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PURPOSE OF REVIEW: Although long-term immune suppression remains the intervention of choice for the treatment of allograft rejection, transplantation tolerance would achieve graft survival with fewer inherent risks. Although the use of dendritic cells for the induction of tolerance might confer antigen specificity, factors determining the balance between tolerogenicity and immunogenicity remain uncertain, as does the stability of the functional phenotype. Here, we review recent studies suggesting that pharmacological agents may profoundly influence this delicate balance and outline the insights they provide into parameters that contribute to the tolerogenic state. RECENT FINDINGS: Recent findings have revealed that the inhibition of dendritic cell maturation by pharmacological intervention is not a prerequisite for the acquisition of tolerogenicity, but that susceptibility to a tolerogenic phenotype may vary between dendritic cell subsets and depend on the nature of maturation stimuli to which the cells are exposed. Furthermore, such studies have highlighted the degree to which the maintenance of tolerogenicity is influenced by local environmental factors, such as the cytokine milieu. SUMMARY: Although the rational design of tolerogenic dendritic cells for modulating the outcome of organ transplantation remains ambitious, the use of pharmacological agents to influence their functional phenotype continues to illuminate the basic biology of this critical cell type.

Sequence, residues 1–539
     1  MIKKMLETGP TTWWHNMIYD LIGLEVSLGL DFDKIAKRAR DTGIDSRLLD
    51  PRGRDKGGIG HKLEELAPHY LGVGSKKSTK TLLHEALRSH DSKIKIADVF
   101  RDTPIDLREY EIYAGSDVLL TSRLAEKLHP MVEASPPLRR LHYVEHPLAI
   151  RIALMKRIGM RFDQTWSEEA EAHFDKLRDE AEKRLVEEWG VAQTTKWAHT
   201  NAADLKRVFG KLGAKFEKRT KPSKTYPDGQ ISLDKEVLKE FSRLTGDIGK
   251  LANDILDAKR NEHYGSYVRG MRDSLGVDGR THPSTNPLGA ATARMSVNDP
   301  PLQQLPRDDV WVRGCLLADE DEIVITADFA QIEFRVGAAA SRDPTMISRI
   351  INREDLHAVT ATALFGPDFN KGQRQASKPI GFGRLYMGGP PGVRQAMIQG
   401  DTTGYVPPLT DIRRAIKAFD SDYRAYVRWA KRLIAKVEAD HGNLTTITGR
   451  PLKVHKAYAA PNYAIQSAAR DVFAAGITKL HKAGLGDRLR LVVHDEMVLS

Original publication




Journal article


Curr Opin Organ Transplant

Publication Date





372 - 378


Animals, Cytokines, Dendritic Cells, Graft Rejection, Graft Survival, Humans, Organ Transplantation, Phenotype, Signal Transduction, Toll-Like Receptors, Transplantation Tolerance, Treatment Outcome